I am a PhD candidate in Sociology at the University of California-Berkeley. My research examines the connections between the formation of states, the reproduction of elites, and geopolitical conflict and cooperation. I study these processes in the context of both early modern Europe and the contemporary United States. More broadly, my research and teaching interests include political sociology, economic sociology, global governance, the sociology of elites, social theory, and historical and comparative methods.

My dissertation, entitled “The Social Sources of Geopolitical Power,” develops a sociological approach to a classic problem in world politics: how states exercise governance at a transnational or global level, a process known in its extreme form as hegemony. Whereas conventional explanations of global hegemony stress military and economic factors and treat states as the relevant actors, my work incorporates symbolic factors, and it foregrounds the configurations of elites who produce state actions in the first place. I examine these issues in the context of eighteenth-century European geopolitics, employing extensive archival sources of diplomatic correspondence and network data on interstate treaties.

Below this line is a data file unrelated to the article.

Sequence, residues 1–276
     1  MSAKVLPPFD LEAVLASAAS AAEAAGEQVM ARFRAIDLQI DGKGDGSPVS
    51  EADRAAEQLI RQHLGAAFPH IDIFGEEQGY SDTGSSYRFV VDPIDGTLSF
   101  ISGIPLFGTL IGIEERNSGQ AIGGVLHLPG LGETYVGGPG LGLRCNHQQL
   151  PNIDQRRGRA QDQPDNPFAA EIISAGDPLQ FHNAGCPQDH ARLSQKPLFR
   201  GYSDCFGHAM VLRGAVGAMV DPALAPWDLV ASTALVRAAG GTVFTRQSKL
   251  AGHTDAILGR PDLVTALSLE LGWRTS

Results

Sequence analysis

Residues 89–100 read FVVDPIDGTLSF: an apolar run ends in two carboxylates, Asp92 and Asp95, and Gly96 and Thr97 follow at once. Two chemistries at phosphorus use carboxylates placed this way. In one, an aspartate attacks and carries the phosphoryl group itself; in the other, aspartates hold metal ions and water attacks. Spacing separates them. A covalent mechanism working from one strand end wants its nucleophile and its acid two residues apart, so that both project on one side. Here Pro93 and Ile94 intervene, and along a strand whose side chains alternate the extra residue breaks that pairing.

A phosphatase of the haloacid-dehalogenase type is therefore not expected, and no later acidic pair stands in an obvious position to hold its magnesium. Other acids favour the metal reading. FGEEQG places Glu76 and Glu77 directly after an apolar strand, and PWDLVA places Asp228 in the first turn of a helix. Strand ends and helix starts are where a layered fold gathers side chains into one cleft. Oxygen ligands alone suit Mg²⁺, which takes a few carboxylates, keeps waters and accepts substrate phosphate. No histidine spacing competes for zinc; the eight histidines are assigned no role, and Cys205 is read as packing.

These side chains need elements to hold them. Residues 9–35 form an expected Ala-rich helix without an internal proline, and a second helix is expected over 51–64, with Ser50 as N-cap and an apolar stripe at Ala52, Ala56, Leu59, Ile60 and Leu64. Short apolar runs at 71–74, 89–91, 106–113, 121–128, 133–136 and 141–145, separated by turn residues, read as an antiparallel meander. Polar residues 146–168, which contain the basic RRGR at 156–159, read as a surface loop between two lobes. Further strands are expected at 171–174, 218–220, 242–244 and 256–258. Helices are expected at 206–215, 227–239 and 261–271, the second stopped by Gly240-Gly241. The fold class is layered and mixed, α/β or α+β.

An article based on this project appeared in the December 2018 issue of the American Sociological Review. Additionally, I have a co-authored article, also published in the American Sociological Review, which accounts for the actions and assumptions of policymakers at the Federal Reserve during the lead-up to the financial crisis of 2008. My work has also been published in Comparative Studies in Society and History.